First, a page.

Is a person with advanced dementia “dying”?

    The question of whether an individual with advanced dementia is dying is critically important because there is an extensive literature suggesting that if a person is a goses (a moribund person), there is no obligation to try to prolong his or her life. On the contrary, some would argue, it is important to remove any impediments to the person's dying. By way of example, rabbinic commentators frequently cite the Talmudic story of Rabbi Judah the Prince (Ketubot 104a), who was dying a painful death and whose followers tried to prevent his death through prayer. His handmaid, observing his suffering, dropped some dishes to distract the praying followers. During the instant that they ceased praying, Rabbi Judah's soul departed.11 The implication is that a person whose death is imminent should be allowed to die. Some individuals with advanced dementia are clearly moribund: they cannot even swallow their own saliva, and will undoubtedly die in a matter of days from aspiration of their secretions, whether or not a feeding tube is inserted. At this extreme stage, the sufferer from Alzheimer's fits the talmudic description of a goses as a patient whose death is imminent because “he has lost control of bodily functions as manifested by his inability to bring up secretions from his chest”.12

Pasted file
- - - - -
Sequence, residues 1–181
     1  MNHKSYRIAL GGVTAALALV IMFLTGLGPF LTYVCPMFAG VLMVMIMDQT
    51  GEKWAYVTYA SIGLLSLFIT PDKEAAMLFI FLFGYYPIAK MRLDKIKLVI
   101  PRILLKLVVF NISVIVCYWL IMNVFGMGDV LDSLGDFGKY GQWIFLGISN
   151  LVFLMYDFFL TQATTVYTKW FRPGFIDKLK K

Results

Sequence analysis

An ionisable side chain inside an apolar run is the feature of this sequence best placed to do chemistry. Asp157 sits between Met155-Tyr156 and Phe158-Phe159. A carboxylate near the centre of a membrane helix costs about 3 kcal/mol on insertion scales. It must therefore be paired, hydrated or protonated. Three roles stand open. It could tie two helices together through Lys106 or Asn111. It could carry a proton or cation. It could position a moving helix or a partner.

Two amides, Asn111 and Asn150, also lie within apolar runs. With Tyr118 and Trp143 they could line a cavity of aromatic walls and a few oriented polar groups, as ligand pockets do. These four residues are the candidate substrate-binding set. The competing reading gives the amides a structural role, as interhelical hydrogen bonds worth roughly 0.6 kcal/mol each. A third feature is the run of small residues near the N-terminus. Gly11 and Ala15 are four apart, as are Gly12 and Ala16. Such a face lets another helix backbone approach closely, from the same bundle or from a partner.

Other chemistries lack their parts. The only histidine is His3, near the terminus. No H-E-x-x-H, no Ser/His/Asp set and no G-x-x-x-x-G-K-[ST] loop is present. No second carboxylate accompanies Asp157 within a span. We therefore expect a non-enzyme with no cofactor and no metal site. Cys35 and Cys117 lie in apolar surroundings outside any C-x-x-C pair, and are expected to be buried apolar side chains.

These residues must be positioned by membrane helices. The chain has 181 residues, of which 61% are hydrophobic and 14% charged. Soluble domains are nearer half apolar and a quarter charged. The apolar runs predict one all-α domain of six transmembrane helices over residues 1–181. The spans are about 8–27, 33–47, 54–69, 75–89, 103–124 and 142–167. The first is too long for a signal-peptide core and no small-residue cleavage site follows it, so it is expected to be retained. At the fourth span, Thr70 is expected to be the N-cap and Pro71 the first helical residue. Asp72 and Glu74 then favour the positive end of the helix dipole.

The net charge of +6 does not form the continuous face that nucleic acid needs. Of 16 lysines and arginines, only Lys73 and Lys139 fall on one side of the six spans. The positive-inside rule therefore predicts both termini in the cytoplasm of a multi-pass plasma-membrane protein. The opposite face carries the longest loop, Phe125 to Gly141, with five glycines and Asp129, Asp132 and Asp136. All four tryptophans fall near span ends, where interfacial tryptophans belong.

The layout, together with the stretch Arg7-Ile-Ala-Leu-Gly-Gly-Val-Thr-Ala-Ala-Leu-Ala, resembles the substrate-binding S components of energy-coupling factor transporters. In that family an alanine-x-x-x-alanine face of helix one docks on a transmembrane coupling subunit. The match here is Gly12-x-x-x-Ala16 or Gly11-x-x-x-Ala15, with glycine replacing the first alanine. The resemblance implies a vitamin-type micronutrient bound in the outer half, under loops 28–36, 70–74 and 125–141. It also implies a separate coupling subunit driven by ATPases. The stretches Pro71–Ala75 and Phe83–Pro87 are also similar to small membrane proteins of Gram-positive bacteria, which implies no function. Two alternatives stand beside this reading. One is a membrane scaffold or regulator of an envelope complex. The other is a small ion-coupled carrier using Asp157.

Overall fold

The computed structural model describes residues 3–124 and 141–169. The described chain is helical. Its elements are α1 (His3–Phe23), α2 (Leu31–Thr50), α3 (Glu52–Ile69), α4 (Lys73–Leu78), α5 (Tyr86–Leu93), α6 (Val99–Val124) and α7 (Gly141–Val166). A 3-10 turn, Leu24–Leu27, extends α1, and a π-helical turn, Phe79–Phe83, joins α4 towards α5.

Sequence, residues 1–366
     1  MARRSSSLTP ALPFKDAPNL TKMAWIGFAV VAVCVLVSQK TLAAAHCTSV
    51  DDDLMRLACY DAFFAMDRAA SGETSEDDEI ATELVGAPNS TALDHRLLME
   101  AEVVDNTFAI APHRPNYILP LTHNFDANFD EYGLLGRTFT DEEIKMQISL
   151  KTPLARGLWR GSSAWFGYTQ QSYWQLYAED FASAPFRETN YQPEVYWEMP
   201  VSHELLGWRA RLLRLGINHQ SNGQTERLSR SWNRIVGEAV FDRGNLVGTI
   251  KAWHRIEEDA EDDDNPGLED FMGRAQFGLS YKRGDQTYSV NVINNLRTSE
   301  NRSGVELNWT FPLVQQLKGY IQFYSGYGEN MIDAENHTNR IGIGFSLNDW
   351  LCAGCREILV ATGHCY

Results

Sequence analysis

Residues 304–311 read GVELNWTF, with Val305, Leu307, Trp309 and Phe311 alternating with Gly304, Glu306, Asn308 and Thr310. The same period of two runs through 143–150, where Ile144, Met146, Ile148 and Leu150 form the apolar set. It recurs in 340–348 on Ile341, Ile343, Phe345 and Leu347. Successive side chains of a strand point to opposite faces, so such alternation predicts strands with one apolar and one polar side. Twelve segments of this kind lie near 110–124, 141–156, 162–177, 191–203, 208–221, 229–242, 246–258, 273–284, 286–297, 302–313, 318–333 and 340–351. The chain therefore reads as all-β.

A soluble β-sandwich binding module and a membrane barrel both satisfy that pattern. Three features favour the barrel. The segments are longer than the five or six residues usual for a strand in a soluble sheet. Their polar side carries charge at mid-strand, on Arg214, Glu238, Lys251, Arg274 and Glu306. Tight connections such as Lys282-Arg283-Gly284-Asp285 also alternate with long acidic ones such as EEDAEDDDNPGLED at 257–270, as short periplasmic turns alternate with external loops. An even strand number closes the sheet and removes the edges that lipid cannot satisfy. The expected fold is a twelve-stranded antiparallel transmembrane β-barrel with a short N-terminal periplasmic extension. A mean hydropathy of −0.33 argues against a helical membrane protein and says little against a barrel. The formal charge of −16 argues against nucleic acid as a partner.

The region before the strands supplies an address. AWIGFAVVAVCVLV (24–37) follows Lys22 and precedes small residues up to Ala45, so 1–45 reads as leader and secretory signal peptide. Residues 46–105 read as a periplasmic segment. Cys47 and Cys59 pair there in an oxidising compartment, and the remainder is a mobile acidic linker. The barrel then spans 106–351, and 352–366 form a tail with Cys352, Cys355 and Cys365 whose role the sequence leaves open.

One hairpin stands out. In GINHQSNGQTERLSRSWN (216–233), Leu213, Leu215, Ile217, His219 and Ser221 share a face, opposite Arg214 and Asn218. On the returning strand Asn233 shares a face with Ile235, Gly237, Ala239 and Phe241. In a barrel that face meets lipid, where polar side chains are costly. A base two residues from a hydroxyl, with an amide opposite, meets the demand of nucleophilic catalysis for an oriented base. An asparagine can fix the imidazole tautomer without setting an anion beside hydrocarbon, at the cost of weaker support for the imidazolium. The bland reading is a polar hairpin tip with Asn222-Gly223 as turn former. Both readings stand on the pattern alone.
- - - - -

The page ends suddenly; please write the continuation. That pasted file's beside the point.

While most patients with advanced dementia cannot be regarded as goses, they can be regarded as treifah (being in a condition for which there is no cure and from which they will “surely die”.) Traditional texts distinguish between treatments that can effect long term cure and those that can merely extend life for a short time, usually defined as less than one year. Some commentators indicate that it is permissible to remove any impediment to death, even if a person is not a goses (expected to die in a matter of days), but is merely a treifah.8 The distinction between withholding life-prolonging measures from someone who is expected to die in days and from someone who is expected to die within a year is probably anachronistic: it was made because, in previous eras, physicians were unable reliably to diagnose the state of treifah. Only a person who is a goses was certain to be dying. More sophisticated prognostic capacities, which enable physicians to predict with reasonable accuracy that death will occur within a year, allow individuals with a slightly less dire prognosis to be viewed, none the less, as dying.11